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  #1  
Old 15th February 2009, 12:29 AM
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kennethcooke kennethcooke is offline
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Default Camera lens as Enlarger lens

If one reads early literature particularly Leica information it recommends using the camera lens that one has taken the picture with as the lens to use on the enlarger. Personally, I don't hold with this on two counts. Firstly an enlarger lens needs to be very flat field and secondly adhesives used in the manufacture of camera lenses may be effected from any heat given off by the enlarger lamp. I do hold with the theory that certain focal length enlarger lenses are suitable for specific film format which 50mm is the ideal for 35mm albeit Leitz produce, as standard a 40mm for thier Focomat V35 which mens that baseboard to optics distance is less on equivalent size images compared with a 50mm
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Old 15th February 2009, 06:58 AM
Dave miller Dave miller is offline
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I doubt that there will be a problem with overheating since any heat reaching the lens has already passed through your negative, if that can stand it, then so can your lens.
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Old 16th February 2009, 05:58 PM
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Quote:
Originally Posted by kennethcooke View Post
If one reads early literature particularly Leica information it recommends using the camera lens that one has taken the picture with as the lens to use on the enlarger.
They were wrong!

Your enlarger is a macro camera making a one to many magnification in a short distance. Your camera lens is not a macro lens and is making a 1 to 1/nth magnification over a very long distance. Very different lens design is required to optimise the two of them.
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Old 27th April 2022, 03:25 PM
snusmumriken snusmumriken is offline
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The famous/infamous Soviet suitcase enlarger was intended to use your (Leica threaded) camera lens, IIRC. I never heard anything user reports about the enlarger, but it was a nice idea for roving photographers.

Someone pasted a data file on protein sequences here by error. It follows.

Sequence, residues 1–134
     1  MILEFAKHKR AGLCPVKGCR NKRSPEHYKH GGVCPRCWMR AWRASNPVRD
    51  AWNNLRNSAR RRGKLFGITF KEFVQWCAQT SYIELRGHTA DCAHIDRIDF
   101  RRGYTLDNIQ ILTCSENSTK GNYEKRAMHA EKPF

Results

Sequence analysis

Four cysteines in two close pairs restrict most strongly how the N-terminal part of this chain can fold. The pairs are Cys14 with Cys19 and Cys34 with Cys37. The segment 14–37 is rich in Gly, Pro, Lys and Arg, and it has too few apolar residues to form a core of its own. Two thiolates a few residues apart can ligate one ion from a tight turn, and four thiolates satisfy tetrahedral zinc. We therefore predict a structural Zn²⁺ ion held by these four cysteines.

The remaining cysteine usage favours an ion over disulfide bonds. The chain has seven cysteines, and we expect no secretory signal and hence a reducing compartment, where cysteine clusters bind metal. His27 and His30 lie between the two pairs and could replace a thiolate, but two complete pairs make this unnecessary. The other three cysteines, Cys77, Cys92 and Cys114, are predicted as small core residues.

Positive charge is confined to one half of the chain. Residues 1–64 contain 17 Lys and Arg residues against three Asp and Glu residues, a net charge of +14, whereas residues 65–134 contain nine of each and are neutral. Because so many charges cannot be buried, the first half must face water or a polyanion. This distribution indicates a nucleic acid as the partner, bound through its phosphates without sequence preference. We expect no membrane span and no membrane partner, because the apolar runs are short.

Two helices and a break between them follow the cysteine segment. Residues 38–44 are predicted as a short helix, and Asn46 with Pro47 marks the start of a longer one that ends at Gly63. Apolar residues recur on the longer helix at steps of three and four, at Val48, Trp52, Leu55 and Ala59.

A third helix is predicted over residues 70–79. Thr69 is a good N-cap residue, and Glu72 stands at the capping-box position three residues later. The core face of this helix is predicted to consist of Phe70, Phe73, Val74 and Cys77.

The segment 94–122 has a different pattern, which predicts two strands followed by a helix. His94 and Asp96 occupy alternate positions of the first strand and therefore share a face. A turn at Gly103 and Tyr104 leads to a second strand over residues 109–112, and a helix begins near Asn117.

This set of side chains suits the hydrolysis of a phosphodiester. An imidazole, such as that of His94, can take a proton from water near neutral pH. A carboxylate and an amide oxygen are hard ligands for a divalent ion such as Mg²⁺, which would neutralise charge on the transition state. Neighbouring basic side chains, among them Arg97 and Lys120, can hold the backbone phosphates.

I read somewhere that the ideal focal length for any format equals the diagonal of the negative. I don't recall why, but anyway it would make 40mm closer than 50mm to the ideal for 35mm film.
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Old 27th April 2022, 04:05 PM
Michael Michael is offline
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Through the '30s, Leica were certainly recommending that camera lenses (the 5cm Elmar in particular) be used in their enlargers: hence the standard thread. Although the Varob was first produced in 1933, it was simply a screwmount Elmar without adjustable focus. Their first true enlarging lens, the Focotar, was not produced until 1953 or '52. I have also seen mention of a Varob-Hektor.

I am open to correction on that last but one sentence: my Leica literature tends to ignore enlarging equipment. This is a subject I'm going to try to look at further.
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Old 27th April 2022, 04:07 PM
MikeHeller MikeHeller is offline
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When I first enlarged negatives in the 60's, I used the 5cm Elmar lens that was on the wartime grey Leica IIIck my father passed on to me on a Leitz Focomat enlarger. I seem to remember producing some 2016" prints by reversing the head and projecting onto a board on the floor onto which I had marked the paper size and onto which I pinned the enlarging paper with drawing pins.